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In this interactive activity from ChemThink, learn about solids, liquids, and gases at an atomic level. Investigate how the behavior and interaction of atoms and molecules account for the states of matter. Important terms such as elements, molecules, compounds, and mixtures are also reviewed.
This media asset was adapted from ChemThink.
Atoms—the particles that make up all matter—vary in their subatomic composition. The number and arrangement of an atom's particles (neutrons, protons, and electrons) determines the properties of the atom. For example, the number of protons in an atom's nucleus determines what type of element it is.
There are more than 100 known elements that are the basic building blocks of matter. Pure elements are substances that are made of only one type of atom. However, atoms can join together to form molecules. If two or more atoms of different elements join together, the resulting molecule is called a compound. For example, water is a common example of a compound—water molecules are each composed of two hydrogen atoms and one oxygen atom.
The behavior and interactions of atoms and molecules within a substance determine its physical state. There are three main physical states of matter—solid, liquid, and gas. (A fourth state of matter, called plasma, is a special case where electrons are stripped away from the atoms in a gas.) Solids are composed of atoms or molecules that are closely packed together, usually in an orderly way. The particles cannot move around very much but can jiggle in place. Since the particles are unable to slide past each other, solids hold their shape and volume. In a liquid, the molecules are somewhat close together, but remain free to move. Liquids flow and take on the shape of their container. In a gas, molecules are far apart from one another, with much empty space between them. The particles in gases are free to bounce and move around, which allows gases to change in volume to fill a container of any shape or size.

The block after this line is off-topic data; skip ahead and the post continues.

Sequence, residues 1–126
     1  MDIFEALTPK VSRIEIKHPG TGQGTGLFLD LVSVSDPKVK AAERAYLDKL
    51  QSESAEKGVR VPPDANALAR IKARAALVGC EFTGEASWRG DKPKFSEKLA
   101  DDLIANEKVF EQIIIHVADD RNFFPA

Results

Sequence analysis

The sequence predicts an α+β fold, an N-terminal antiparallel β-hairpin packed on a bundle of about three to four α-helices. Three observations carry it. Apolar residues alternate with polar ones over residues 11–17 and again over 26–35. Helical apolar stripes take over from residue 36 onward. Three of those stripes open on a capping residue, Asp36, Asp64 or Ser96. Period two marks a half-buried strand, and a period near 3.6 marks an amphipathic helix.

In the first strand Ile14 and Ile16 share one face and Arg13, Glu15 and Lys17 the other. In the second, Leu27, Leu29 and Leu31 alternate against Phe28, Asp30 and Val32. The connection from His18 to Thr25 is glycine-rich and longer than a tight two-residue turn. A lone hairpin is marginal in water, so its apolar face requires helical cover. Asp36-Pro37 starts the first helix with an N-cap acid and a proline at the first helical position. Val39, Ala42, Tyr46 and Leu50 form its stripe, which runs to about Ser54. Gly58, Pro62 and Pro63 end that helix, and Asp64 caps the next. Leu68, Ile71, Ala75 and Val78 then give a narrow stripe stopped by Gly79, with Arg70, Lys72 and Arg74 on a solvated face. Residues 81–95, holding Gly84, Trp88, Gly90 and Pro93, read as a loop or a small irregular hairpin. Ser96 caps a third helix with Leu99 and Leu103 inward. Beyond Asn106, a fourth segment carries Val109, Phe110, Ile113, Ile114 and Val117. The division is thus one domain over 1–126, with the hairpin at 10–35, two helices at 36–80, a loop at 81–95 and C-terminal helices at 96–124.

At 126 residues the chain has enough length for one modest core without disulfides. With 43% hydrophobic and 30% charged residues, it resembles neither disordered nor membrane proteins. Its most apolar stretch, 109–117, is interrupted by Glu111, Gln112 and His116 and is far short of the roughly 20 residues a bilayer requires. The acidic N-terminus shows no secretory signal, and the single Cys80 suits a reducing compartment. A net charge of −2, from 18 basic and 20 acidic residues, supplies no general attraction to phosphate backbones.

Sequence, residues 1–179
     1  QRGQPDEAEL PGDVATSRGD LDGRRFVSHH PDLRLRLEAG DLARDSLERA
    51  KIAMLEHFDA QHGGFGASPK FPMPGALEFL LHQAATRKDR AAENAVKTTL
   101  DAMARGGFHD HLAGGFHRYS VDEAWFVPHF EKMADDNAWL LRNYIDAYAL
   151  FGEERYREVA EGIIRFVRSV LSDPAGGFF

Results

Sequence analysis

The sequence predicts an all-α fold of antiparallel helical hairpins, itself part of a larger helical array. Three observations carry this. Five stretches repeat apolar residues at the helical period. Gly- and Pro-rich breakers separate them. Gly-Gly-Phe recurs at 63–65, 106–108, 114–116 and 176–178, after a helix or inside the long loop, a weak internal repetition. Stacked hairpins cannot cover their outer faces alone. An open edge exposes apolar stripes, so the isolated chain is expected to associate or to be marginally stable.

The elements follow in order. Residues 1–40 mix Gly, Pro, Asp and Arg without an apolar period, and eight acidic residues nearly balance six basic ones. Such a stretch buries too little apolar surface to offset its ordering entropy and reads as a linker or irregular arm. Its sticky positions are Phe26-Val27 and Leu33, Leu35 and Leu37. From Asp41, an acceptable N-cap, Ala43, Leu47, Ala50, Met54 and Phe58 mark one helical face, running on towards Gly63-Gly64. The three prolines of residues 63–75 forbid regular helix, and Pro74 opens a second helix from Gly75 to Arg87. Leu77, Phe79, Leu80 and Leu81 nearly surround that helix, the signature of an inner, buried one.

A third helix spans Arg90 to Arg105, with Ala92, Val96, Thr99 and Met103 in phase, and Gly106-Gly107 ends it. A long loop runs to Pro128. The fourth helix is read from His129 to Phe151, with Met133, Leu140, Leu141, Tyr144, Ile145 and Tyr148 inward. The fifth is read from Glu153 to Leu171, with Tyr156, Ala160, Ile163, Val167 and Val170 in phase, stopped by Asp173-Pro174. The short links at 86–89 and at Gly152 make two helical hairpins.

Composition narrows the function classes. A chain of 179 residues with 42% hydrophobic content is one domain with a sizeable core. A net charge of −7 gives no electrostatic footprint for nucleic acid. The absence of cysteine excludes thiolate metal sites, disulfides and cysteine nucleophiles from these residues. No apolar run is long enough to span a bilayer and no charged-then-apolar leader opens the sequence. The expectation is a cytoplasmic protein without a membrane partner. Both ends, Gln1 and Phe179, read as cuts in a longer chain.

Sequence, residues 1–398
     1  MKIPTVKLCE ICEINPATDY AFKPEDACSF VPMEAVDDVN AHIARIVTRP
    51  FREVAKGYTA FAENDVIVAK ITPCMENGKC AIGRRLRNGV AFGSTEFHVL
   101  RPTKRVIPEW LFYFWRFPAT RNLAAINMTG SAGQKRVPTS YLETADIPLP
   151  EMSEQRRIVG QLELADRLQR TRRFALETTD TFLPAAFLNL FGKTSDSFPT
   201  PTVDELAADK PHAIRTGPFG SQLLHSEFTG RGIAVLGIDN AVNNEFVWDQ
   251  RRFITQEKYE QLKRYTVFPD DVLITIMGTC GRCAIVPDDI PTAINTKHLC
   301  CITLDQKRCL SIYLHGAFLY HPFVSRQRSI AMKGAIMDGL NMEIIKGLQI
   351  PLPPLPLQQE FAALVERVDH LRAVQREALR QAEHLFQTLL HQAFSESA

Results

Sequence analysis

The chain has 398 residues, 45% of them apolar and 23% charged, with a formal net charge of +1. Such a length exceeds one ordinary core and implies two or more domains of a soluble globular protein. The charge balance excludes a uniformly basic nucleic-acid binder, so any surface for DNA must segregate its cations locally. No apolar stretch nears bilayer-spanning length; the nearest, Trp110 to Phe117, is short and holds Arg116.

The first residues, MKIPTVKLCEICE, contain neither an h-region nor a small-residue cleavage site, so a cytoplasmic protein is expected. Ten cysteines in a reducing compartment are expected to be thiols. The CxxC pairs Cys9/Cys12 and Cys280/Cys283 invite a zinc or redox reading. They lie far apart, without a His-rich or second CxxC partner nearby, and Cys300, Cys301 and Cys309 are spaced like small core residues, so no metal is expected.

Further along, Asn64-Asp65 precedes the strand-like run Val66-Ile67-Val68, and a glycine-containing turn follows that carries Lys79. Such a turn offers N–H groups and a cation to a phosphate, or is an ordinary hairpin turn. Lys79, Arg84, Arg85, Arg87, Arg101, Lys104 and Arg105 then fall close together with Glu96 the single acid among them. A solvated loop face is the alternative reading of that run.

All substances can exist in any of the three states of matter; transitions between the states are called phase changes. For a given substance, the particles from which it is made maintain their properties in each state. For example, whether water is solid, liquid, or gas, it maintains the same molecular structure (H2O). The difference is in the energy of the molecules and the way they interact with each other.
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